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Found 4 results

  1. Register for the Webcast at: http://www.prismtech.com/events/art-and-science-dds-data-modeling-webcast Why Attend: * Understand the role and scope of Data Modeling in DDS * Learn the key techniques for effective and extensible Data Models Design * Learn about the most common DDS Data Modeling Idioms Abstract The Data Distribution Service (DDS) is a standard for ubiquitous, interoperable, secure, platform independent, and real-time data sharing across network connected devices. DDS is today used and recommended in a large class of application domains, such as Industrial Internet of Things (IIoT), Defense and Aerospace, Transportation, Robotics, Energy, and Medical. Differently from traditional message-centric technologies, DDS is data-centric – the accent is on seamless (user-defined) data sharing as opposed to message delivery. Therefore, when embracing DDS and data-centricity, data modeling becomes a key step in the design of a distributed system. This webcast will (1) explain the role and scope of data modeling in DDS, (2) introduce the techniques at the foundation of effective and extensible Data Models, and (3) summarize the most common DDS Data Modeling Idioms. Webcast Presenter: Angelo Corsaro, Ph.D. is Chief Technology Officer (CTO) at ADLINK Technology Inc. As CTO he looks after technology strategy and innovation for ADLINK’s Industrial Internet of Things (IIoT) Platform. Angelo also serves as PrismTech (an ADLINK company) CTO, where he looks after technology strategy and innovation for PrismTech's Vortex IIoT data sharing platform. Angelo leads the strategic standardization at the Object Management Group (OMG), where he co-chairs the Data Distribution Service (DDS) Special Interest Group. Before joining PrismTech, Angelo was working as a Scientist at the SELEX-SI and FINMECCANICA Technology Directorate. There, he was responsible for the corporate middleware strategy, for strategic standardization, and R&D collaborations with top Universities. Angelo is a well-known and cited expert in the area of high performance and large scale distributed systems with 100s of publications for referred journal, conferences, workshops, and magazines. Angelo received a Ph.D. and a M.S. in Computer Science from the Washington University in St. Louis, and a Laurea Magna cum Laude in Computer Engineering from the University of Catania, Italy.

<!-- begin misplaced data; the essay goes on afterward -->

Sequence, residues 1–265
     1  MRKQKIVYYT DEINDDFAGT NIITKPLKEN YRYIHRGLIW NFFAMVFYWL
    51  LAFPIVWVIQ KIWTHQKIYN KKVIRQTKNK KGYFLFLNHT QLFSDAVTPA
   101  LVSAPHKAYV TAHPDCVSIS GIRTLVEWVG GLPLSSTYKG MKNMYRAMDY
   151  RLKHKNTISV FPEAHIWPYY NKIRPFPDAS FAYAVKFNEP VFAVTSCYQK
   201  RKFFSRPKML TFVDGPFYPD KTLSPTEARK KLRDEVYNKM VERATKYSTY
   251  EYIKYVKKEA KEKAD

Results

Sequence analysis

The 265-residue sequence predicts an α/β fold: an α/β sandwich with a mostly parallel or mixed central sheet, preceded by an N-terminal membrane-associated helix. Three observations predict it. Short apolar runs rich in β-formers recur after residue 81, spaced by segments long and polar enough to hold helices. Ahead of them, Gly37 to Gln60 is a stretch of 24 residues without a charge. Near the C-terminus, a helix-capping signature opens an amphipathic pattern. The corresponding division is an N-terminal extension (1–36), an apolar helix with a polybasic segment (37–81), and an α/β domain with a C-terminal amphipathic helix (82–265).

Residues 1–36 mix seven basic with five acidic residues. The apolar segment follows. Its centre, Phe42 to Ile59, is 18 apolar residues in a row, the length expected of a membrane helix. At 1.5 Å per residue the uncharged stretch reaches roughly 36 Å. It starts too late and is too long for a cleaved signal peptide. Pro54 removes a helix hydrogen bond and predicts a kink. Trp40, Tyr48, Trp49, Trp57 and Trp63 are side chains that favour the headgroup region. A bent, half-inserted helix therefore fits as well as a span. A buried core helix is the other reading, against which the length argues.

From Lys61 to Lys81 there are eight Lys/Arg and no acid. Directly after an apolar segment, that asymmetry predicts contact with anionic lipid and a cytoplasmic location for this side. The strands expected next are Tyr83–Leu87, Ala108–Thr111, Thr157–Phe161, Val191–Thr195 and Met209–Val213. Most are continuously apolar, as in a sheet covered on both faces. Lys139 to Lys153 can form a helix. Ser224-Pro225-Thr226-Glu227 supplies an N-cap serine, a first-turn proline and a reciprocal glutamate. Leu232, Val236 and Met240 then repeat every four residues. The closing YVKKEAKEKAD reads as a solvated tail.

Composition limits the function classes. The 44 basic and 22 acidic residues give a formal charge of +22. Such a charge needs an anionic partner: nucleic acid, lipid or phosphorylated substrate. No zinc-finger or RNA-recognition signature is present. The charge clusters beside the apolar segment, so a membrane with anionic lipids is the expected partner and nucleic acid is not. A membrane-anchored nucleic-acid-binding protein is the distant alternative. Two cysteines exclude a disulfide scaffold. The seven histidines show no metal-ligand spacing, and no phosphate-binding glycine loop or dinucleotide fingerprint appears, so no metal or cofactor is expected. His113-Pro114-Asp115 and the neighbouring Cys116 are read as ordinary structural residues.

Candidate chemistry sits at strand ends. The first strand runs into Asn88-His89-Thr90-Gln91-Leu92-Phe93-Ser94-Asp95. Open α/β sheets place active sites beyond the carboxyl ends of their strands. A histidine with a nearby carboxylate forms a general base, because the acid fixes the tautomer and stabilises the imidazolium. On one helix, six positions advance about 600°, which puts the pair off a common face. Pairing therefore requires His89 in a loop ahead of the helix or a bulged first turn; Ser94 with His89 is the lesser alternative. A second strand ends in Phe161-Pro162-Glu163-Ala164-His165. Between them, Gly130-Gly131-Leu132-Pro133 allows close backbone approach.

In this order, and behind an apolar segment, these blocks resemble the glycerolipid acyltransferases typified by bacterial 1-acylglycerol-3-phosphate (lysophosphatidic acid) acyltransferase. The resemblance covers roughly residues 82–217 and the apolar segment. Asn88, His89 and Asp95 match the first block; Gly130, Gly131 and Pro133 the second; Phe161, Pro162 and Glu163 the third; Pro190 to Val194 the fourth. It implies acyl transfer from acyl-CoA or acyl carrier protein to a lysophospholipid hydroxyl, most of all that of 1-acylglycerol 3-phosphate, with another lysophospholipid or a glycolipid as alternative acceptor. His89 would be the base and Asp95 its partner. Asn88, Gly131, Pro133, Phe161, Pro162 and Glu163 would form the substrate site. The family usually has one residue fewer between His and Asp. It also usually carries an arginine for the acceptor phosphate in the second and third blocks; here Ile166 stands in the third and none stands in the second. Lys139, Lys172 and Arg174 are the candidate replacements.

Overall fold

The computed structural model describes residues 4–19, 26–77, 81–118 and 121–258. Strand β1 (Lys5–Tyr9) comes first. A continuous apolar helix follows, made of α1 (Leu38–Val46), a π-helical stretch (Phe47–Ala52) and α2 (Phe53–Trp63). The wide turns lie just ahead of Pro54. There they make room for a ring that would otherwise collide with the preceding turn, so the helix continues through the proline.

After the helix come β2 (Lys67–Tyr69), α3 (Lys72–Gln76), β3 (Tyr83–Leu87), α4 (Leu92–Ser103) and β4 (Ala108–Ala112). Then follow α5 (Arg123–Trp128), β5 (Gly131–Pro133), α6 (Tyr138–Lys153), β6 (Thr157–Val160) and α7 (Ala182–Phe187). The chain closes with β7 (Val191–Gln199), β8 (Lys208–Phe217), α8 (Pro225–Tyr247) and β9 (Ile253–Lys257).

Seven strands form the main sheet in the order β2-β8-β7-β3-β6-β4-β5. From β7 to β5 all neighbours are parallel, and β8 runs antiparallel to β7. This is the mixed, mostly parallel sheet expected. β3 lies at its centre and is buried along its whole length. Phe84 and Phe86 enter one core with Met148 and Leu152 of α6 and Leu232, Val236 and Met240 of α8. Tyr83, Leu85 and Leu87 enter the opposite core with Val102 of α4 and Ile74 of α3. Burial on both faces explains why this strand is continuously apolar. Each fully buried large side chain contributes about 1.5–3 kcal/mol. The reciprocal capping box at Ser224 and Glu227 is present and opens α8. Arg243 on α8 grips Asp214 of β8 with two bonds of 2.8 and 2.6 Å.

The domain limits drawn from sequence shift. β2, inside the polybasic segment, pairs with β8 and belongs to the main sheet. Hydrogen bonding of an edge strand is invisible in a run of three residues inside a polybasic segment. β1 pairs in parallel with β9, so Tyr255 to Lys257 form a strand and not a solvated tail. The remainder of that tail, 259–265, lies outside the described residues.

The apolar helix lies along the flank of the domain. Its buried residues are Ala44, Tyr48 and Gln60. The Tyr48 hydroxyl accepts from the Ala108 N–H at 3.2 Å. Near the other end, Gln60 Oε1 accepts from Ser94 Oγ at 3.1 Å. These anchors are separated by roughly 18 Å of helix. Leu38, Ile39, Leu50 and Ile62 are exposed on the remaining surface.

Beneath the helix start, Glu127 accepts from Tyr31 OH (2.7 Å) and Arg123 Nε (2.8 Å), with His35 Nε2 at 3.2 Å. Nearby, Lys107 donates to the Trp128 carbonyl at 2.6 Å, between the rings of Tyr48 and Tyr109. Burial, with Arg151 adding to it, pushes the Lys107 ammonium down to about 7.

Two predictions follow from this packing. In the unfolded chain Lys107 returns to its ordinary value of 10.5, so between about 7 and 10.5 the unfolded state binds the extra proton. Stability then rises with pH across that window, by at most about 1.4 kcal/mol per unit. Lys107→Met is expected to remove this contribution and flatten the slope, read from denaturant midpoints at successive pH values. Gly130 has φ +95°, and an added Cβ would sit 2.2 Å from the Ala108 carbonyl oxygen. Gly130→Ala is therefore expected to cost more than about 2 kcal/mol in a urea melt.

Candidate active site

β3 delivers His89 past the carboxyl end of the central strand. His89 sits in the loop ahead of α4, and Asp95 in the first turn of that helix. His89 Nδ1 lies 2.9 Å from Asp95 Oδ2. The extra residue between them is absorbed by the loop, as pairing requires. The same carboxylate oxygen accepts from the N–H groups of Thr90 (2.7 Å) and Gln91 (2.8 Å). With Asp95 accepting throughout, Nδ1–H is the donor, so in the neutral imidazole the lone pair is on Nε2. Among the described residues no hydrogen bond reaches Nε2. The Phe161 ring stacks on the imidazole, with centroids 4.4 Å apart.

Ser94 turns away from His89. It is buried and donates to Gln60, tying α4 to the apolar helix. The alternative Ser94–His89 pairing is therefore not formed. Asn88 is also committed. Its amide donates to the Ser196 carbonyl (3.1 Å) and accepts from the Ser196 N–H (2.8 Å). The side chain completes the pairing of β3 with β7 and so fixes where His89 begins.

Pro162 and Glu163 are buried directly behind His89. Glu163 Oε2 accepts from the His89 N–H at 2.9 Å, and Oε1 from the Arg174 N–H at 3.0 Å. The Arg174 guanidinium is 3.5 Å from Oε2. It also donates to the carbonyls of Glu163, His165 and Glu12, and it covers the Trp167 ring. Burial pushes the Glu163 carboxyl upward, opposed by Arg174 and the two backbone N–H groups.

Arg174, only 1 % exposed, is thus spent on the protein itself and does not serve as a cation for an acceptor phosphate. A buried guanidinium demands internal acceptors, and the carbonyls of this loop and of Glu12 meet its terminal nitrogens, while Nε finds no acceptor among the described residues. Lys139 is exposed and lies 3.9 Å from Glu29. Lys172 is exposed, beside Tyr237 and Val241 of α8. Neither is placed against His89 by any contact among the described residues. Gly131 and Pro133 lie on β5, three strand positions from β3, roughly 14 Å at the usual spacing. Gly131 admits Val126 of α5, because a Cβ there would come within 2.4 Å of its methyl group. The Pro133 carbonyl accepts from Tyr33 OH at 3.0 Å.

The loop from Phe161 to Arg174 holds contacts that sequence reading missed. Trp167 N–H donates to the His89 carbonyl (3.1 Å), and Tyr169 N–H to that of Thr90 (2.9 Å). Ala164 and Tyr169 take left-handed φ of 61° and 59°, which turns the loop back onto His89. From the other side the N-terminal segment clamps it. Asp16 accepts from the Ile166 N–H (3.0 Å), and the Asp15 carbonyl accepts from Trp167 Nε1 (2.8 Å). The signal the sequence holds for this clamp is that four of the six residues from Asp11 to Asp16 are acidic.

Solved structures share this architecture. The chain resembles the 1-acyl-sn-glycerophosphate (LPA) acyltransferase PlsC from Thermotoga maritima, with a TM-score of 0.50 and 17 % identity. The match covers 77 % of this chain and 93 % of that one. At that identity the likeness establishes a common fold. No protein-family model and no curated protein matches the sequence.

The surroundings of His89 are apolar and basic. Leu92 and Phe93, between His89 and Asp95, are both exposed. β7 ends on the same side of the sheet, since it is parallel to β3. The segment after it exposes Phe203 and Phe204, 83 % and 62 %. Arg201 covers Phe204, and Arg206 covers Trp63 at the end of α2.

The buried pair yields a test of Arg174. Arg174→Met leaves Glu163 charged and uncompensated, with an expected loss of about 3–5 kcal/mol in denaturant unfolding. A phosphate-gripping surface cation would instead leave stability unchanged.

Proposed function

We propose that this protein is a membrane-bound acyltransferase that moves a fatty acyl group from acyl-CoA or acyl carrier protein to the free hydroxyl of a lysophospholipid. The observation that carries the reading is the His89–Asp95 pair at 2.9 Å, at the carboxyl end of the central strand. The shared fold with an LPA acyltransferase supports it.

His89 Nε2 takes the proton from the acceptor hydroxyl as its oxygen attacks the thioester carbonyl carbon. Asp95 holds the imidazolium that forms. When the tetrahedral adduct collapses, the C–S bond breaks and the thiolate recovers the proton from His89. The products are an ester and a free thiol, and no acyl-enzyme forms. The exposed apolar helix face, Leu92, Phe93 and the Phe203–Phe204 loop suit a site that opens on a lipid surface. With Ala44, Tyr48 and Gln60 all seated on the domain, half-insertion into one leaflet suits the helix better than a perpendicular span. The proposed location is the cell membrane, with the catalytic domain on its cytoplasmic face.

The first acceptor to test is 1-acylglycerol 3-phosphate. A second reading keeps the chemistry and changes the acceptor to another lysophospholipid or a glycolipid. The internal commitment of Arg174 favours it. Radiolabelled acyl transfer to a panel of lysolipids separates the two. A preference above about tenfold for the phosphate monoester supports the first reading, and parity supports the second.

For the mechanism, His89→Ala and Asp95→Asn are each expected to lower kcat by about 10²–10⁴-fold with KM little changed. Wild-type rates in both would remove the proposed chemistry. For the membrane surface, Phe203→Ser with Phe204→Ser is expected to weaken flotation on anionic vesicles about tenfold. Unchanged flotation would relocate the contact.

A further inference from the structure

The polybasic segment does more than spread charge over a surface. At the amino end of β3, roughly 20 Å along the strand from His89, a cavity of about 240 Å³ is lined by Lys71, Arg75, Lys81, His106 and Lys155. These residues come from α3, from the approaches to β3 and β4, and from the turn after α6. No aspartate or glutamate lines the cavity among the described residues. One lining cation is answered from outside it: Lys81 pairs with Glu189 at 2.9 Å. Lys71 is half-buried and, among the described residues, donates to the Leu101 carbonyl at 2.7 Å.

2. Register for the webcast at: http://www.prismtech.com/webcast-signup Why Attend: * Understand the common challenges posed by Distributed Systems and the traps and pitfalls that you should avoid * Learn about canonical coordination models for distributed systems * Learn about the key distributed algorithms that can be used to solve common problems, such as fault-detection, group management, distributed mutex and barriers, etc., when architecting distributed systems * Discover how these algorithms can be efficiently implemented in Data Distribution Service (DDS) Abstract: Designing distributed systems is hard and one of the main aims of DDS is to make this task less daunting. Yet, to exploit DDS's full potential it is key to understand the coordination model and architectural style it promotes along with the key properties that it guarantees. Only after having understood these concepts will you realize the full power of DDS. This webcast, after summarizing the main challenges that architects face when designing distributed systems will (1) introduce a series of canonical coordination models, (2) explain DDS's coordination model and its powerful properties, (3) identify the key patterns that underlie the coordination model (4) show how this coordination model can be used to build some interesting distributed applications and some key distributed algorithms. The webcast will last approximately one hour. Webcast Presenter: Angelo Corsaro, Ph.D. is Chief Technology Officer (CTO) at ADLINK Technology Inc. As CTO he looks after technology strategy and innovation for ADLINK’s Industrial Internet of Things (IIoT) Platform. Angelo also serves as PrismTech (an ADLINK company) CTO, where he looks after technology strategy and innovation for PrismTech's Vortex IIoT data sharing platform. Angelo leads the strategic standardization at the Object Management Group (OMG), where he co-chairs the Data Distribution Service (DDS) Special Interest Group. Before joining PrismTech, Angelo was working as a Scientist at the SELEX-SI and FINMECCANICA Technology Directorate. There, he was responsible for the corporate middleware strategy, for strategic standardization, and R&D collaborations with top Universities. Angelo is a well-known and cited expert in the area of high performance and large scale distributed systems with 100s of publications for referred journal, conferences, workshops, and magazines. Angelo received a Ph.D. and a M.S. in Computer Science from the Washington University in St. Louis, and a Laurea Magna cum Laude in Computer Engineering from the University of Catania, Italy.